Don’t Stop the Music: Meet Louis FernandezHe is in the pursuit of musical perfection
In the midst of practice, sophomore Louis Santiago Fernandez poses with the classical guitar he uses to play sweet and sombre melodies. He enjoys playing music from the older generations. “I just feel more connected to the [older] music,” Fernandez said. Photo Credit: Louis Santiago Fernandez
After a long and tiring day at school, most students usually sleep or play video games; however sophomore Louis Santiago Fernandez picks up his guitar and starts strumming the strings to the beat of his desire in a sweet, yet sombre, melody.
“When I was beginning to get into music, I was determined to learn,” he said. “I practiced for hours on end without rest. After school, I would pick up my guitar and practice a piece, or maybe sit down at my piano and start playing Mozart or Beethoven. There were times when I wanted to quit, like when school started back up and homework began piling up, but I couldn’t just stop [my passion]. I was going to see it through to the end.”
With the support of his family, Fernandez began playing the guitar at six, piano at seven, and violin at eleven. Taking lessons from his parents, both of whom are professionally-taught guitarists and pianists, is like taking Gordon Ramsay’s MasterClass for Fernandez.
“It’s definitely challenging,” he said. “I have to practice for hours while they watch me. If I make any mistakes on the tone or play the wrong note, they point it out. It gets annoying sometimes, but it helps me get better.”
Coming from a family of musicians, the allure of music has always been in Fernandez’s heart.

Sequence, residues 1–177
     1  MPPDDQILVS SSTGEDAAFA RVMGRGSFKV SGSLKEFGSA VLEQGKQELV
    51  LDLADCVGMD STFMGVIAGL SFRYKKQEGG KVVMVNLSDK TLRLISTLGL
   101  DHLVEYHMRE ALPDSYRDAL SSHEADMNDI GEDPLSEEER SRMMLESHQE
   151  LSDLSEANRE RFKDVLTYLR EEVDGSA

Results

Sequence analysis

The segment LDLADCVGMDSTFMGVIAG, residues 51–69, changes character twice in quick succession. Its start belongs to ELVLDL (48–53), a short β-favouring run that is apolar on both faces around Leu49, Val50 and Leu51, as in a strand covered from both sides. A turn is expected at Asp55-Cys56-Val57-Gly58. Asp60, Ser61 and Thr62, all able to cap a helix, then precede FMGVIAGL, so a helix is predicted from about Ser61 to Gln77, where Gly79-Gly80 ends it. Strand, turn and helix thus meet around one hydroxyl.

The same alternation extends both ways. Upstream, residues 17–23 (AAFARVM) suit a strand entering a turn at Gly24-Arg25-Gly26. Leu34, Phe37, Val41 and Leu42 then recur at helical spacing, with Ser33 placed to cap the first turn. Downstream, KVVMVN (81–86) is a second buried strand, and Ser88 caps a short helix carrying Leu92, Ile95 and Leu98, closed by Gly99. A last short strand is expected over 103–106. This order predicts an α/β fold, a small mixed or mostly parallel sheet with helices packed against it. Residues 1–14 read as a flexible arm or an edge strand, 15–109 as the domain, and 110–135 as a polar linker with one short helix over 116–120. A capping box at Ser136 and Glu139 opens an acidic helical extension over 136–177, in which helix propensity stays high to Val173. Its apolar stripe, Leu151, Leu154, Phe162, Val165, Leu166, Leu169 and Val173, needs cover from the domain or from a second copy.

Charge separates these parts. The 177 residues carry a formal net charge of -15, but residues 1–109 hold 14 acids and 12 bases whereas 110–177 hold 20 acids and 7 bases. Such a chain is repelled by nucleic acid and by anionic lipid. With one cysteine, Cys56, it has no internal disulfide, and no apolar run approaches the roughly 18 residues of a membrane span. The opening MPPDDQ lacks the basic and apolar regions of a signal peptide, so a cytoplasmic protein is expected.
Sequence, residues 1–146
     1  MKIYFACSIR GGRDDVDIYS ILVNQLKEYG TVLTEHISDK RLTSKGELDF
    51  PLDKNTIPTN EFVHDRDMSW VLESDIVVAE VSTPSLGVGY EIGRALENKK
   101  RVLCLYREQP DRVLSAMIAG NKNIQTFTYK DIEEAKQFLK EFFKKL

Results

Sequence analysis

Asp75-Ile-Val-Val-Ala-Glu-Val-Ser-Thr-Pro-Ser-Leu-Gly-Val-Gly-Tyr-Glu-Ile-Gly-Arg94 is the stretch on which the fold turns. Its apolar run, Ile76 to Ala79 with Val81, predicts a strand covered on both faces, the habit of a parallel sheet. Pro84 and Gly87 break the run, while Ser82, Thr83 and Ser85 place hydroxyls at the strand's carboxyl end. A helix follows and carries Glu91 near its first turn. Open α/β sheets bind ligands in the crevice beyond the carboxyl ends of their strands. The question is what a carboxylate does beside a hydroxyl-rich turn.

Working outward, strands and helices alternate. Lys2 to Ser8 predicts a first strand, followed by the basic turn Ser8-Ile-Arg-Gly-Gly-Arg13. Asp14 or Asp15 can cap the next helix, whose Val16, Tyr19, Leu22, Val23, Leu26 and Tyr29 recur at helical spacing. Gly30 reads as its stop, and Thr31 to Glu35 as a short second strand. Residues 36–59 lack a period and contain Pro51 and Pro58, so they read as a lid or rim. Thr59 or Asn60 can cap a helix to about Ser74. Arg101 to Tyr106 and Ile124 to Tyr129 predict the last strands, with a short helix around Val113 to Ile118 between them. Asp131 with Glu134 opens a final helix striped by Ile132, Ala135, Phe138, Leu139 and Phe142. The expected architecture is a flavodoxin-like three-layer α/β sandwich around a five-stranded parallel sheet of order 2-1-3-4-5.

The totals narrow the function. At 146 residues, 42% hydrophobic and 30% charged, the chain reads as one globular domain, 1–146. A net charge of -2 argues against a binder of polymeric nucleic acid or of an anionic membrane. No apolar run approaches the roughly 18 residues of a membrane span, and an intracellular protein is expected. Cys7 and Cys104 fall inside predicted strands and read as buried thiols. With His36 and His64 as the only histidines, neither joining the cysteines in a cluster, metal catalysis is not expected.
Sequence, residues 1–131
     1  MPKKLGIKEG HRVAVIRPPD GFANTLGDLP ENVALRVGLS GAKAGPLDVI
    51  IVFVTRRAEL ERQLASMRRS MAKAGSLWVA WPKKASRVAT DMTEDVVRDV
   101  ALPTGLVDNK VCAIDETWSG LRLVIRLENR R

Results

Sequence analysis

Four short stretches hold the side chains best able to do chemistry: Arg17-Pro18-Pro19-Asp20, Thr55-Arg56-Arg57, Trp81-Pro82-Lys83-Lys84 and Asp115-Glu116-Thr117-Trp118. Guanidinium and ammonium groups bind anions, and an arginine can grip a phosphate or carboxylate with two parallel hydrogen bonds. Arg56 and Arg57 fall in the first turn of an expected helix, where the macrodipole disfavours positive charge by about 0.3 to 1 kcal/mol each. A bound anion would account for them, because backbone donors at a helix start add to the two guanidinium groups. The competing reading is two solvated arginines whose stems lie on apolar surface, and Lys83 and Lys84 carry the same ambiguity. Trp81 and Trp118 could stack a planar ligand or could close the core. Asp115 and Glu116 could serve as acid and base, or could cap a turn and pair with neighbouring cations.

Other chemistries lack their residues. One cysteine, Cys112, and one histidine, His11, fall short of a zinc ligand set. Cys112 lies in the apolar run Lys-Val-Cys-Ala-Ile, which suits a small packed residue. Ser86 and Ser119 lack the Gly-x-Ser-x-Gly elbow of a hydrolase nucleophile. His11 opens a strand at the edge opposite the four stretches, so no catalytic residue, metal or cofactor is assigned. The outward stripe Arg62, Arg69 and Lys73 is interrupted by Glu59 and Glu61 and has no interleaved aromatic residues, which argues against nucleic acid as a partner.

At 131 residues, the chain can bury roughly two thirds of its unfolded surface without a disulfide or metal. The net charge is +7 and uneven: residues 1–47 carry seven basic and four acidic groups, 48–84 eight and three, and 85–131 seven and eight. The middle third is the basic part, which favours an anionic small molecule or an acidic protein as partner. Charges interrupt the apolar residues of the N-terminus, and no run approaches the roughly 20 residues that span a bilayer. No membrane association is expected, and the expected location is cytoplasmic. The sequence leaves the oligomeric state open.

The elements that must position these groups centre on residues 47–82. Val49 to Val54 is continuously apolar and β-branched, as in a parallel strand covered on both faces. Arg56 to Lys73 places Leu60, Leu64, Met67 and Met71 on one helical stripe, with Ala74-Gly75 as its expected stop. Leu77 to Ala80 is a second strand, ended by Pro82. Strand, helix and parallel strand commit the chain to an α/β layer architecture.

“My love of music came from my family,” Fernandez said. “My grandparents were musicians and my parents were talented enough to enroll in the University of Santo Tomas Conservatory of Music in the Philippines. I grew up around musicians and was pushed by my family to play, so I just naturally fell in love [with music].”
This love of music eventually evolved for Fernandez when he decided to join a talent show competition in his elementary school.
“I got onstage and sang Frank Sinatra’s ‘Fly Me To The Moon’,” he said. “I was terrified. I never performed for anyone else except for my parents, let alone a whole audience. I had a fear of performing for crowds. But when I finished the final verse, they cheered. I knew then that this fear I had was what pushed me to perform onstage, so I embraced it.”
Even though Fernandez did not win, it was a great stepping stone for him.
Countless nights of learning and practicing have been tough, but Fernandez believes it brings him closer to his goal of mastering the guitar and piano.
“I want to learn as many instruments as I can so I can understand music from other cultures,” Fernandez said. “Different cultures have different sets of instruments and I want to be able to learn each of them.”
The hardest part of practicing comes from the lack of time. And with the pressure of school crashing down on him too, Fernandez takes days off to focus on his school work.
“I have to juggle between school and my passion for music,” he said. “I want to focus on one, but I can’t because the other will slip.”
With the ongoing pandemic, Fernandez has had time to himself to rest and reflect on his journey so far.
“When I take days to myself, I feel relieved,” he said. “I used to overwork myself all of the time, trying to practice and do homework simultaneously, but I just couldn’t take it. So I decided to have off days so I can relax, although I would’ve liked to be able to do everything at once.”
Fernandez advises students who are interested in learning an instrument to give it a try.
“Though it will be hard in the beginning, never give up,” he said. “It depends on the difficulty of the instrument, but remember to practice, practice, practice.”